Every day when the Congress of the United States is in session and Sen. Roger Jepsen (R-Iowa) is at home in Virginia, he piles into his car and tools toward Washington on I-395, using the lane reserved for cars with four or more occupants. To the naked eye, it seems like Jepsen is merely driving. Actually, he is giving the law the finger.
The other day, Jepsen got stopped while using the lane reserved for car pools. This did not faze him. He explained to the traffic officer that he was a senator of the United States and therefore a very big deal. He asserted because he was commuting to the Capitol, that he was immune from arrest or prosecution under Article I, section 6 of the Constitution. All of this must have awed the officer. She let him go.
And so he drives on, doing what countless others would love to do and getting away with it, not because he is right, but because he can. "He drives it every day," his press aide, James Lafferty said last week. "He drove it today."
There is, of course, almost no reason in the world for Jepsen to think that he is, in fact, immune from either arrest or prosecution for a traffic offense. The courts have long held that the congressional immunity provision of the Constitution does not protect a member of Congress from arrest in either a criminal or a civil case. And if the matter was in doubt, we have only to refer to the recent case of Rep. Louis Stokes (D-Ohio).
In that incident, it was the police themselves who invoked the nonexistent congressional immunity on Stokes' behalf after they said he was driving on the wrong side of the street, making an illegal U-turn, running a red light, and--after they stopped him--had failed to touch the tip of his nose with his finger. Nevertheless, he was not charged and was, instead, driven home. Only later, when the press got hold of the incident, did the authorities decide that there is no such thing as a congressional immunity, and charges, which Stokes has denied, were filed.
But when it comes to Jepsen, the issue is not congressional immunity at all. It is, instead, his incredible sense of entitlement and his colonialist mentality. For some reason, he thinks that because he was elected in Iowa, he is entitled to misuse a highway in Virginia. And because he is in Virginia, where he cannot be held accountable by the voters, he does not much care what he does. You can be sure that Jepsen would never do this sort of thing back home. Or you can be sure that if he did he would be a one-term senator.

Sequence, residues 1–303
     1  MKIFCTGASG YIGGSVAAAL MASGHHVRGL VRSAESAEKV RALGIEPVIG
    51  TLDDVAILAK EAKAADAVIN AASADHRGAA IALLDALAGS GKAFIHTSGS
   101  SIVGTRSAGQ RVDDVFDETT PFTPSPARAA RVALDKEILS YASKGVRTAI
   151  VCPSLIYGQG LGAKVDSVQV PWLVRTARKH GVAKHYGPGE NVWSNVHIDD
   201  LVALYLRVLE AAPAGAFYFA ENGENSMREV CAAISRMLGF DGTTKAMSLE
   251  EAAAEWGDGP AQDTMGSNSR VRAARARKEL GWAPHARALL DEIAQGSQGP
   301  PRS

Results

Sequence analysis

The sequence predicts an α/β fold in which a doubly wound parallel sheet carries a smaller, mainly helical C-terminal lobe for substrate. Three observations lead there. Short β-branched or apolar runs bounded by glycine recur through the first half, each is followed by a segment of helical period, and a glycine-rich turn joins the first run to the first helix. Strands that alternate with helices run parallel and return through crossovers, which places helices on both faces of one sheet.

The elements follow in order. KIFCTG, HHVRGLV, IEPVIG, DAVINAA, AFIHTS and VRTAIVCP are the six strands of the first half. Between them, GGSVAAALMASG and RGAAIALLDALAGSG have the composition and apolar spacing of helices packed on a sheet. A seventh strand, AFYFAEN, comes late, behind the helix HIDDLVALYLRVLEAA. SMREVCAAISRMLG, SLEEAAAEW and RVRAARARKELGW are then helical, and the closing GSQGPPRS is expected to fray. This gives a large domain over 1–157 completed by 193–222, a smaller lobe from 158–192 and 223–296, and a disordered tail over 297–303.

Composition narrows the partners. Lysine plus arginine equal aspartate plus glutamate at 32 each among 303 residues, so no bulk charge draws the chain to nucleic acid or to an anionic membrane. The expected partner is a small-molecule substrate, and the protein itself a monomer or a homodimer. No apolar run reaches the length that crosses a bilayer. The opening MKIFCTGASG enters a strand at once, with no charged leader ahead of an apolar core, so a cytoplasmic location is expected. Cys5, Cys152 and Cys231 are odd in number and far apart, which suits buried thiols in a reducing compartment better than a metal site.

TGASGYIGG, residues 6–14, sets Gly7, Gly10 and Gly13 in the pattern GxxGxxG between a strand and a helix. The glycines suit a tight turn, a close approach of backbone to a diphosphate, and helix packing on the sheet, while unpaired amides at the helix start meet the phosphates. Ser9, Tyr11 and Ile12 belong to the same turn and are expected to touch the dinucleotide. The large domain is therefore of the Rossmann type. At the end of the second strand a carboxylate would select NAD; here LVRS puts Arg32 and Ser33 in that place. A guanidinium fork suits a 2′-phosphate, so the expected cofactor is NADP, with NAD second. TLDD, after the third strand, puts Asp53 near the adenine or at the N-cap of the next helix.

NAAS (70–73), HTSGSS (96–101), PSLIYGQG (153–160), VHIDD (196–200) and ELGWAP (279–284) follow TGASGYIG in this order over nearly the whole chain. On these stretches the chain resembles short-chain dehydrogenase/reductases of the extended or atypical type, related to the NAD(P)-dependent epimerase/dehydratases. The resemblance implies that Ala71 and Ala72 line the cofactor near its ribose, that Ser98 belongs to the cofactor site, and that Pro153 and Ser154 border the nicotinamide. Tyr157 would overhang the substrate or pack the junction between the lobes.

Now I, for one, do not use I-395 for commuting. If I did, I think I would break the law just once for the sheer pleasure of running my car up the back of Jepsen's. I state this unequivocally, because this feeling of rage is precisely what comes over me everytime I go to National Airport and pass by, usually while carrying four suitcases and a briefcase that is spilling open, the parking lot reserved for members of Congress and other VIPs. It is then that I get the urge to hurl my suitcases through the windshields of the cars parked there or, less violently, merely tap dance on their hoods.
I know that rank has its privileges. I have been in Washington a long time and before that did a stint in the Army. I am the same person who once saw a cop go to pieces when the owner of a car he was ticketing showed up and turned out to be a senator. "Oh, that's all right," the senator said, "you write it and then downtown they tear it up." Once again, I got the urge to tap dance on a hood.
But the Jepsen case is in a category by itself. Here is a man who tells others to obey the law, while he himself flouts it. Here is a man who says with words that he is for law and order but says by his actions that what really counts is getting caught. Here is someone who acts one way in the Washington area, where there are no votes, and quite another way back home, who represents the mentality of a colonialist.
So drive on, Sen. Jepsen. But don't think you will get away with it. If the cops don't get you someone else will. Sooner or later, someone's going to tap dance on your hood and seek immunity under the oldest grounds of all.